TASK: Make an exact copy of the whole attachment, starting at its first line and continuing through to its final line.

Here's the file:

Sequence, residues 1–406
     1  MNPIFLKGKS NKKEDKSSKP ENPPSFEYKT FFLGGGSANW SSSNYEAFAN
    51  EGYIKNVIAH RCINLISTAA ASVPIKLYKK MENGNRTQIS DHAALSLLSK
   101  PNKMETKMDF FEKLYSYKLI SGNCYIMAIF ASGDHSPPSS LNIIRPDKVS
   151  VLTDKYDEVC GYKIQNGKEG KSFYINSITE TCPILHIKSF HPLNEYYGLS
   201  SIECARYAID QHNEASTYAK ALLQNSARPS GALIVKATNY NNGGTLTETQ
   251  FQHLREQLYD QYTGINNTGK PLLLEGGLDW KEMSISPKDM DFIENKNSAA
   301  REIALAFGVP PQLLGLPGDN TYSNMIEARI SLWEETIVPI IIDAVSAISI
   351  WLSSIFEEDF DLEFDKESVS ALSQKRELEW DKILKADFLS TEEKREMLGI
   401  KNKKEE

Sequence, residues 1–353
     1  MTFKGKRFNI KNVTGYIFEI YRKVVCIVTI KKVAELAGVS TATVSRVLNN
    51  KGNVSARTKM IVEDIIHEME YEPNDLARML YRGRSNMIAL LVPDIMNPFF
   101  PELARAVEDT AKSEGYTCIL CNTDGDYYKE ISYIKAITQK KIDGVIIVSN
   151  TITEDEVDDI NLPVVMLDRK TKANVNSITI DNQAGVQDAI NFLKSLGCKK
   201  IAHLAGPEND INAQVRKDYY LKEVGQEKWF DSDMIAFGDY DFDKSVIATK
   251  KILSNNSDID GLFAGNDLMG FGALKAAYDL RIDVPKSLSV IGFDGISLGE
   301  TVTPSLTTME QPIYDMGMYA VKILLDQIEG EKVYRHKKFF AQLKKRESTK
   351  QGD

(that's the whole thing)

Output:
Sequence, residues 1–406
     1  MNPIFLKGKS NKKEDKSSKP ENPPSFEYKT FFLGGGSANW SSSNYEAFAN
    51  EGYIKNVIAH RCINLISTAA ASVPIKLYKK MENGNRTQIS DHAALSLLSK
   101  PNKMETKMDF FEKLYSYKLI SGNCYIMAIF ASGDHSPPSS LNIIRPDKVS
   151  VLTDKYDEVC GYKIQNGKEG KSFYINSITE TCPILHIKSF HPLNEYYGLS
   201  SIECARYAID QHNEASTYAK ALLQNSARPS GALIVKATNY NNGGTLTETQ
   251  FQHLREQLYD QYTGINNTGK PLLLEGGLDW KEMSISPKDM DFIENKNSAA
   301  REIALAFGVP PQLLGLPGDN TYSNMIEARI SLWEETIVPI IIDAVSAISI
   351  WLSSIFEEDF DLEFDKESVS ALSQKRELEW DKILKADFLS TEEKREMLGI
   401  KNKKEE

Sequence, residues 1–353
     1  MTFKGKRFNI KNVTGYIFEI YRKVVCIVTI KKVAELAGVS TATVSRVLNN
    51  KGNVSARTKM IVEDIIHEME YEPNDLARML YRGRSNMIAL LVPDIMNPFF
   101  PELARAVEDT AKSEGYTCIL CNTDGDYYKE ISYIKAITQK KIDGVIIVSN
   151  TITEDEVDDI NLPVVMLDRK TKANVNSITI DNQAGVQDAI NFLKSLGCKK
   201  IAHLAGPEND INAQVRKDYY LKEVGQEKWF DSDMIAFGDY DFDKSVIATK
   251  KILSNNSDID GLFAGNDLMG FGALKAAYDL RIDVPKSLSV IGFDGISLGE
   301  TVTPSLTTME QPIYDMGMYA VKILLDQIEG EKVYRHKKFF AQLKKRESTK
   351  QGD